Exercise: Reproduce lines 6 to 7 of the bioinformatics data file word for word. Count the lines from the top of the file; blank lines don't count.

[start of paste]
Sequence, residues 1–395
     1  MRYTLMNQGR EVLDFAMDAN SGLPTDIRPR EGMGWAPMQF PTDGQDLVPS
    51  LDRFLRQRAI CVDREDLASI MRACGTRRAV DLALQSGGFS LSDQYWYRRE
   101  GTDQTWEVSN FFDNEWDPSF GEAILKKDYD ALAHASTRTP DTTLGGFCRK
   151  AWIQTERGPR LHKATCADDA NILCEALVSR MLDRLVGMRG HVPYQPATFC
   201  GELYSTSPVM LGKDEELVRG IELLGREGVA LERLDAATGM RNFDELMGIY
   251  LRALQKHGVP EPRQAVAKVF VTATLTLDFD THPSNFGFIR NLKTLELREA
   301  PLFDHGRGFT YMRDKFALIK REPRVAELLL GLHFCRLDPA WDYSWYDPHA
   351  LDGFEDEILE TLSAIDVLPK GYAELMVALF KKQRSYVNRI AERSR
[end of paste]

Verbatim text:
   201  GELYSTSPVM LGKDEELVRG IELLGREGVA LERLDAATGM RNFDELMGIY
   251  LRALQKHGVP EPRQAVAKVF VTATLTLDFD THPSNFGFIR NLKTLELREA